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The Power of Immersive Games


Games allow us to experience new worlds, new situations, and in a way, new selves.

We are each born into a unique set of circumstances — a particular body, gender, health-level, family, geography, environment and culture. Our specific circumstance has its own set of rules, norms and allowed behaviours, while ‘shunned’ behaviours are dis-allowed, or might even have extreme repercussions attached to them (depending on where we are physically located).

In a way, we can escape this particular reality, and try on new SELVES. What we dislike, we can simply discard and forget about. What we like however, we can take back, and potentially even integrate into our real selves back ‘home’.

This can be true for anyone, anywhere. All we really need is a mobile phone, game console, laptop or desktop… and we can escape into new, immersive realities that entertain, teach and engross us in numerous ways that may be missing in our daily life.

Games as Escape Hatches

Given the many variations of games, the types of game play, mechanics and available choices, it’s no surprise that upwards of 3.09 Billion people consider themselves ‘gamers’, while most play games daily, spending hundreds to thousands of hours, and numerous billions of dollars on game experiences. The numbers have increased a whopping 32% over the past seven years (now including more than 1 billion additional people!), while the number is expected to increase to 3.32 Billion by 2024.

And perhaps it’s no surprise; real life can be repetitive, full of responsibility and at times boredom, while games offer an immersive colour scheme that players can escape to. The National Institute of Health (NIH) estimates that 31.9% of youth 13-18 years of age have some type of anxiety disorder, while an estimated 8.3% of adolescents experience severe impairment due to anxiety levels. Temporarily ‘tuning out’ of our own difficult situations might benefit the psyche much more than we know. .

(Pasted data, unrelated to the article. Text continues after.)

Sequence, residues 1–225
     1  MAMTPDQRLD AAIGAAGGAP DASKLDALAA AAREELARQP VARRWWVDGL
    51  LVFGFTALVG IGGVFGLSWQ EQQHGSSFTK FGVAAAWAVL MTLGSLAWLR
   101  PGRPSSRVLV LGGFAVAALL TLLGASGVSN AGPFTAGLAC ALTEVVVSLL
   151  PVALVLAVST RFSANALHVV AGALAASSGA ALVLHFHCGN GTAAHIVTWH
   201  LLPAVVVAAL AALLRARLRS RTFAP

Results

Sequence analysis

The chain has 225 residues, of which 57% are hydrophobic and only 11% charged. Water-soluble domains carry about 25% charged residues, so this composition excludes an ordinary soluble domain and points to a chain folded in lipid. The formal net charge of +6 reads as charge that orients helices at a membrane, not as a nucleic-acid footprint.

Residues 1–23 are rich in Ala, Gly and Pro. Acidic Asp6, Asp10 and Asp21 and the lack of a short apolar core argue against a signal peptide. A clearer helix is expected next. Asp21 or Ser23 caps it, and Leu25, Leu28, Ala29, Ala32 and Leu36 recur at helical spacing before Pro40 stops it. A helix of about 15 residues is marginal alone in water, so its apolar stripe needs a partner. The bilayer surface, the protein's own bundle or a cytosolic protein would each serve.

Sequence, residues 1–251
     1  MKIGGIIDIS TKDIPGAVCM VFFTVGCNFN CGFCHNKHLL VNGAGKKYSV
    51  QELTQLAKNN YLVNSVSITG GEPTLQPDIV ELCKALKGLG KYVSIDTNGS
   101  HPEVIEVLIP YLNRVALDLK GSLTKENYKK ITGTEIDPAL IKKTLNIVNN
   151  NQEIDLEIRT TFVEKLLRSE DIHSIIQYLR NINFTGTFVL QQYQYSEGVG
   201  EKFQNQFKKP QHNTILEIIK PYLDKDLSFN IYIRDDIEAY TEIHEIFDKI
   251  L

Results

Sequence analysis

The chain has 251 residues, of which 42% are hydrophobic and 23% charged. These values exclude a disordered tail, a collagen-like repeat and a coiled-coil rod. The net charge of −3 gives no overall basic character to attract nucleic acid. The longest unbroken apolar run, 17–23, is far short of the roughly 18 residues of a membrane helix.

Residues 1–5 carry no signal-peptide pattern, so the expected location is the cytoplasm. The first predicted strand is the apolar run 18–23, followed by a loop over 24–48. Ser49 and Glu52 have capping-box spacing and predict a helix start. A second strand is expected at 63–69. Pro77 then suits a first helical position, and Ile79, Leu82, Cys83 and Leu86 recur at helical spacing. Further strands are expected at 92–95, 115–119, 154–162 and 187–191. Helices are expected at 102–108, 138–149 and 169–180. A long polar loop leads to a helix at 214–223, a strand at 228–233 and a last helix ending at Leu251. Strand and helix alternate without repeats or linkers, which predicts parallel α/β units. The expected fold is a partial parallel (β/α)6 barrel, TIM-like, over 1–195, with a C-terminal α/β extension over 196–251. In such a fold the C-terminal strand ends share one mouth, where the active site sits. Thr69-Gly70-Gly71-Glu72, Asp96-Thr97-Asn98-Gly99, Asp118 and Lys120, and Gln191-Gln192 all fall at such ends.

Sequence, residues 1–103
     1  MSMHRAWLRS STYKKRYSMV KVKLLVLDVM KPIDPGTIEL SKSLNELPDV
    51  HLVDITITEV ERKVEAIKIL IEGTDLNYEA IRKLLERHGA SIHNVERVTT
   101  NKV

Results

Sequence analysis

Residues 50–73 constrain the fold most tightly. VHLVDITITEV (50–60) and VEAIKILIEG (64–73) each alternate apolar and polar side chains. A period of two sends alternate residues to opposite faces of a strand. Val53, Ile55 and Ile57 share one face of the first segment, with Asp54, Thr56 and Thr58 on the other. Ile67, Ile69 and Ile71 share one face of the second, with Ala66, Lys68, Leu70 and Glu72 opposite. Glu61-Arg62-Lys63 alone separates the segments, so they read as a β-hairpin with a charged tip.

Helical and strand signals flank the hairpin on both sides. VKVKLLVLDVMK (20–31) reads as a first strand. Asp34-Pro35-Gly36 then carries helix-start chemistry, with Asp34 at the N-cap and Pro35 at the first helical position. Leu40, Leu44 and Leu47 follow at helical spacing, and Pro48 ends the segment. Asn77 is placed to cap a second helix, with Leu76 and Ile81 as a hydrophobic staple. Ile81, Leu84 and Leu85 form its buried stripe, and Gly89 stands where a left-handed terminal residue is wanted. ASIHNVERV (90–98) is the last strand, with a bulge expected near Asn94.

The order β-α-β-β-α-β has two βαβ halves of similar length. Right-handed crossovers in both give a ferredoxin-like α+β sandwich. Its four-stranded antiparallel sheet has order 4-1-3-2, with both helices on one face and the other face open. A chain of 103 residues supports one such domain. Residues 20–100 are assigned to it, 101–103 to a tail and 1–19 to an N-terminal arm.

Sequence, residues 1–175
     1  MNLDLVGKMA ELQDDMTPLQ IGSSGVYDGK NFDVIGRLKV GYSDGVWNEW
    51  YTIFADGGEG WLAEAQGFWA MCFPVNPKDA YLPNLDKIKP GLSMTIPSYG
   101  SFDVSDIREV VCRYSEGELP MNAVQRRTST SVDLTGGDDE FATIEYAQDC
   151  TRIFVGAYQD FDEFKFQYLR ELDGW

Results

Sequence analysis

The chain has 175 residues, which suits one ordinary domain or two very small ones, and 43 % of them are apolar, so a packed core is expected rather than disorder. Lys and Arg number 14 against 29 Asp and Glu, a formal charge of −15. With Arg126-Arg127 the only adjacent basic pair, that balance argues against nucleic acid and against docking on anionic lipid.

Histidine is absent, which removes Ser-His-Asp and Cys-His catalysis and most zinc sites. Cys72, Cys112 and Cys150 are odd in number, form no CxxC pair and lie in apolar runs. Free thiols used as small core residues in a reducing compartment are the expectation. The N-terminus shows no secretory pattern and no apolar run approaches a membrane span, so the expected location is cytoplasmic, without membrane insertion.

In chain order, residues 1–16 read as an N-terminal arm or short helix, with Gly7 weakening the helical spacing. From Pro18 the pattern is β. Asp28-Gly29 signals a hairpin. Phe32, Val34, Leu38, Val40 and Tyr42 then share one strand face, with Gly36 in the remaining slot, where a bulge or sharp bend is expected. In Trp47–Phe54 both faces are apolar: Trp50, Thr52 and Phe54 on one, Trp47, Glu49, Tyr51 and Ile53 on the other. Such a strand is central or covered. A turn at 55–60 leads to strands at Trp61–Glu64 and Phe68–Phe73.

Games as Skills Acquisition

A CEO friend I’ve known since childhood (and who shall remain anonymous!) once said:

"Games were the first place that made me feel like I could do something interesting, something new… something… different? I never considered myself a ’natural-born leader’, but in WOW (World of Warcraft), gamer friends kept on insisting that I lead the team, and it was the first time that had ever happened. After some time, many abysmal failures, and some great winds, I developed enough skills to actually lead, and it seemed like these were skills that could actually spill over into the real world. They did."

Anynymous Serial Entrepreneur

Today, he is a self-made tech industry success, a ridiculously shy and quiet math-geek-turned-tech-startup-star multi-millionaire with 100+ employees whom he leads daily, and at least three successful companies under his belt. He further adds that without games, none of this would have happened, and he would still be ‘stuck in a cubicle’, working on projects that generally didn’t inspire him, or push the boundaries of his coding abilities. It was the fun and low-key failure tactics of gaming that allowed him to try and push the boundaries in the real world.

Games as Teachers of Failure

Many of us are terrified of faililing, and rightfully so. In many communities, cultures and societal situations any type of failure - big or small - can have a lasting effect. We’re even wired to succeed, or at least remain safe at all costs. Games can be a wonderful ‘vaccine’ or ‘antidote’ to the fear of failure, given that if we fail in games — and fail we will! — (unlike in the real world) we can just try and try again. Many games are purposefully difficult, with game challenges being hard to increasingly impossible, and failing them miserably only to learn, move forward, and ultimately succeed can inoculate us against the terrifying fear of failure. Given enough tries, we can perhaps even learn that life itself can be a game, and that failure here doesn’t have to be fatal.

In short, immersive games can allow us to explore new discover situations, experience new environments, people an places. To push new limits, expand our fear limits, and set our own boundaries. Games always effect the real world, whether we know it or not, and the more immersive, the more they have the potential to do so.

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